The IEE, which stands for Innovation, Electricity, and Efficiency, is an institute of The Edison Foundation. According to its white paper, the transportation segment is the second largest user of energy here in the U.S., right behind the industry segment. Within transportation, light duty vehicles (LDV), which include cars and light duty pickup trucks, devour almost 60 percent of available energy within the segment, 99 percent of which is provided by fossil fuels, i.e., gasoline. The IEE expects the number of LDVs to grow by over 25 million vehicles by 2035, a potentially frightening situation since the segment contributes more than 30 percent of carbon emissions in the country.
The institute sees electrification of LDVs rising as more Americans are looking to save on fuel and protect the environment.
States Lisa Wood, executive director and vice president of the IEE, “Opportunities for electrification in the transportation sector are large and advanced batteries are a major driver. Electric transportation makes economic and environmental sense. Approximately 90,000 Americans have said goodbye to the pump and hello to the plug due to battery advancements and a growing selection of car models that has made driving an EV more accessible than ever before. This number will only grow.”
Several factors contribute to this projected increase in EVs. One is the greater availability of such vehicles, which include the Nissan Leaf, Ford Focus EV, Mitsubishi i-MiEV, Honda Fit EV, Smart Fortwo Electric Drive, and the recent Chevrolet Spark EV. Battery and charging technology are also continuing to advance with greater range and shorter recharge times.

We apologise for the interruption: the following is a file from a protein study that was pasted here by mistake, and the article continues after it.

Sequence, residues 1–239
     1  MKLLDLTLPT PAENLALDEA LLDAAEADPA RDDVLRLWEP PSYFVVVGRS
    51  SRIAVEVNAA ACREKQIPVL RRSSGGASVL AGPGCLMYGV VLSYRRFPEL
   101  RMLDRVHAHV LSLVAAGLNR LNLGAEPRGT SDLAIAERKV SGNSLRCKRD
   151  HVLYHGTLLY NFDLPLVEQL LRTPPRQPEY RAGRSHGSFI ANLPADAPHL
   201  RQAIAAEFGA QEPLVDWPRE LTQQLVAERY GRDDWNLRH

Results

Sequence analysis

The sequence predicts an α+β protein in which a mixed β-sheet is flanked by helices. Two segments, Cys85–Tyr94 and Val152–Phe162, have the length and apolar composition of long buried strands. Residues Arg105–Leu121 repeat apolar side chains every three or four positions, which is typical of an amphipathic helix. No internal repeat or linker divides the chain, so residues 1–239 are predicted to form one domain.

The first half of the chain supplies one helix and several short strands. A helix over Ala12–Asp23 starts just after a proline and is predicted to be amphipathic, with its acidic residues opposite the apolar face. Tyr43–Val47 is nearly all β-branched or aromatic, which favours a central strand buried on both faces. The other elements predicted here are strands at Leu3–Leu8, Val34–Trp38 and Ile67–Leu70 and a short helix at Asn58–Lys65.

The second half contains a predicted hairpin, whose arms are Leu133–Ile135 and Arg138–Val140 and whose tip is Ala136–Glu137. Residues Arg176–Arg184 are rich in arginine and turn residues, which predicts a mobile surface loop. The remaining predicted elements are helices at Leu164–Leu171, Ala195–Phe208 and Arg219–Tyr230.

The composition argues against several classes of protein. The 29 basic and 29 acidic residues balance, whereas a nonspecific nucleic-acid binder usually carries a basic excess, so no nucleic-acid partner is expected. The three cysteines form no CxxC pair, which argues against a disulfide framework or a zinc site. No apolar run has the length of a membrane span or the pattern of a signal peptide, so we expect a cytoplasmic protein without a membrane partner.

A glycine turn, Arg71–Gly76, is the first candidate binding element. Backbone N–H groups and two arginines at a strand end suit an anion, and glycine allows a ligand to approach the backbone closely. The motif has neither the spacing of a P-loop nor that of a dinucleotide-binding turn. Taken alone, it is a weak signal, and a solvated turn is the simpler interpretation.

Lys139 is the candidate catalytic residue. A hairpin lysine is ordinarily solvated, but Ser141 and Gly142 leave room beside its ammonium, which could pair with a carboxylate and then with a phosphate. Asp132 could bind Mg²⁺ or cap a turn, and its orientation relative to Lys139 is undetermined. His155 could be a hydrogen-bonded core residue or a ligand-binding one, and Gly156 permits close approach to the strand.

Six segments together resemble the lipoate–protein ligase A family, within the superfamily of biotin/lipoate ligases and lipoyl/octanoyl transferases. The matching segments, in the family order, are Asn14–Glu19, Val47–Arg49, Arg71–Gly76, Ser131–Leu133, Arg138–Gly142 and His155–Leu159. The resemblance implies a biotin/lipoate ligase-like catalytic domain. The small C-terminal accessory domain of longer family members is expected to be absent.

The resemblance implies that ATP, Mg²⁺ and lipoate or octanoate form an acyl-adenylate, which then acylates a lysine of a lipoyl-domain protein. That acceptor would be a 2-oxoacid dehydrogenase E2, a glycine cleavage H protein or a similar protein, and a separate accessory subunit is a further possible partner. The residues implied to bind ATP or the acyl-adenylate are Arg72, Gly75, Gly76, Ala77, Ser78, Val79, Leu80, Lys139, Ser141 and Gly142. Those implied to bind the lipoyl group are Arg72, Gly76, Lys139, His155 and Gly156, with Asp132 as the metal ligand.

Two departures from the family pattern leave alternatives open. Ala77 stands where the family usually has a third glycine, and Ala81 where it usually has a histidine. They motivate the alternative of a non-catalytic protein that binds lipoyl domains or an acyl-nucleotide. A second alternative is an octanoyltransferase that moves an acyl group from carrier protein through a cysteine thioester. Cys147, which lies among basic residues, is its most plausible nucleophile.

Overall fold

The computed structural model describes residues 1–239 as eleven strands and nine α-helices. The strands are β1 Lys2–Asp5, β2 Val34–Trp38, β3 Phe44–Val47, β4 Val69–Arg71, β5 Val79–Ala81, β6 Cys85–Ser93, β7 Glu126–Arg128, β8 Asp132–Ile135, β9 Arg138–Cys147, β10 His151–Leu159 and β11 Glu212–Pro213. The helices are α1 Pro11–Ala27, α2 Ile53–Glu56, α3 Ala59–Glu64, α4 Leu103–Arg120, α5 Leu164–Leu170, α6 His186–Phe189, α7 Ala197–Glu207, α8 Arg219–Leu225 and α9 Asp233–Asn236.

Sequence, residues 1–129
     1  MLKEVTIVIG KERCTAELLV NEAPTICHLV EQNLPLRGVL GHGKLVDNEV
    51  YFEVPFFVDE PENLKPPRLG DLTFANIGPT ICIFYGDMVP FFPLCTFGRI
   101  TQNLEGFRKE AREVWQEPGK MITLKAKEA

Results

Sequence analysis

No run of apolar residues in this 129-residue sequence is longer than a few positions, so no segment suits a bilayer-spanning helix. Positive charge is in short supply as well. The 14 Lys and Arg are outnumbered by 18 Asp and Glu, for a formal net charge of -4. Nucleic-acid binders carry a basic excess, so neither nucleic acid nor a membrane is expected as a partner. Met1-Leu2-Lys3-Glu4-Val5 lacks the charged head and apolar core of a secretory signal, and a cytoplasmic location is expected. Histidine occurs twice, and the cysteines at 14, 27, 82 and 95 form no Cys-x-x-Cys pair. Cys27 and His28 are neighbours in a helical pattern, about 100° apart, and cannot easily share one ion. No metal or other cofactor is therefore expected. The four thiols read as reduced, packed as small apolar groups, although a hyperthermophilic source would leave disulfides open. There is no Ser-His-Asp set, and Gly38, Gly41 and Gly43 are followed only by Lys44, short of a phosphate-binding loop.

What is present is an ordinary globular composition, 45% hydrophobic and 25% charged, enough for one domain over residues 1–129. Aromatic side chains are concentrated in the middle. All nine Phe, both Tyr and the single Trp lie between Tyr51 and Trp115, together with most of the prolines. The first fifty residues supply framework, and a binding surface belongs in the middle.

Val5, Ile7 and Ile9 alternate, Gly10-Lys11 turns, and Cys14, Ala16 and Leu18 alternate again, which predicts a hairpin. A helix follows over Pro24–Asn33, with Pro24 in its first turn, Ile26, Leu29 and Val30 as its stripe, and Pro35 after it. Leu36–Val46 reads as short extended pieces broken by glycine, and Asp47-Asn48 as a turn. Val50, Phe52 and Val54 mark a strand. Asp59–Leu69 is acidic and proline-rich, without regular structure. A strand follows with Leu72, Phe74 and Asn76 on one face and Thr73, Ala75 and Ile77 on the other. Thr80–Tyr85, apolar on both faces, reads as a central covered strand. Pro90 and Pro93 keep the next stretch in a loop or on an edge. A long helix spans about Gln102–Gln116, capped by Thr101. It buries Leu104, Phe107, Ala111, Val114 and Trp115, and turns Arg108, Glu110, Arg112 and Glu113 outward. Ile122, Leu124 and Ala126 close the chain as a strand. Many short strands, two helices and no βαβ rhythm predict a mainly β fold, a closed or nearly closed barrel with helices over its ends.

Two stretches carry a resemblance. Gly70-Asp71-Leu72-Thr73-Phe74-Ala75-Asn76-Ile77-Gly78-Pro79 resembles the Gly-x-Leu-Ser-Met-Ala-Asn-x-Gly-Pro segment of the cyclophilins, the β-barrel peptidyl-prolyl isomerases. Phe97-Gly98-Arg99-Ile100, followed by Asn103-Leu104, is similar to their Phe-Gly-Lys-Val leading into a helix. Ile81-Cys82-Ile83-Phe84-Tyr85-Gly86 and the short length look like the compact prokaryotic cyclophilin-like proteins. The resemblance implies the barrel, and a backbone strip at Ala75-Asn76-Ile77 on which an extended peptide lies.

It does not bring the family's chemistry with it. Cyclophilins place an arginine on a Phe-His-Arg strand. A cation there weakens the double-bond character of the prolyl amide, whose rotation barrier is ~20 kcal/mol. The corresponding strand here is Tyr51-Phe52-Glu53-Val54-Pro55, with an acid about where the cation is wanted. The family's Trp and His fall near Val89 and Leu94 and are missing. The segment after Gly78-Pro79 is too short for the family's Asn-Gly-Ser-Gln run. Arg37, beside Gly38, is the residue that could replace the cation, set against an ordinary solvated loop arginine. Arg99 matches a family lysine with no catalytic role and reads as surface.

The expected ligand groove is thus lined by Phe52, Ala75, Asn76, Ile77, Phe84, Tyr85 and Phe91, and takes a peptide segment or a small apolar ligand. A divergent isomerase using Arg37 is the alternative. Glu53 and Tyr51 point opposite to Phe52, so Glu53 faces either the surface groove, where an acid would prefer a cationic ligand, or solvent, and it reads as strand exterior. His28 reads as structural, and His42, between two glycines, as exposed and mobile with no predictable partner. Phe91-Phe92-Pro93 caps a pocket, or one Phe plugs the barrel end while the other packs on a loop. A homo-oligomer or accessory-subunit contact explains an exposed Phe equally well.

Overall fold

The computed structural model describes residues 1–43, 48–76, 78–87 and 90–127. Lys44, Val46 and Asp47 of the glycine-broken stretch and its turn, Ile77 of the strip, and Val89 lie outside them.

The increase in electric LDVs will have a dramatic impact in carbon emissions. The IEE white paper describe three scenarios, based on the number of EVs on the road by 2035. In the Low scenario, where EVs compose two percent of LDVs by 2035, carbon emissions will drop between 9 to 22 million metric tons. Under Medium, where EVs compromise 10 percent of the vehicles on the road, this figure forecasts the removal of 41 to 94 million metric tons out of the atmosphere. Finally, EVs make up 12 percent of the LDVs in the High scenario, which sees carbon emissions plummeting between 51 to 116 million metric tons.
A copy of the white paper can be found here. The white paper also discuss the increase in electricity used by EVs in these scenarios and how rising gas prices affect the calculations.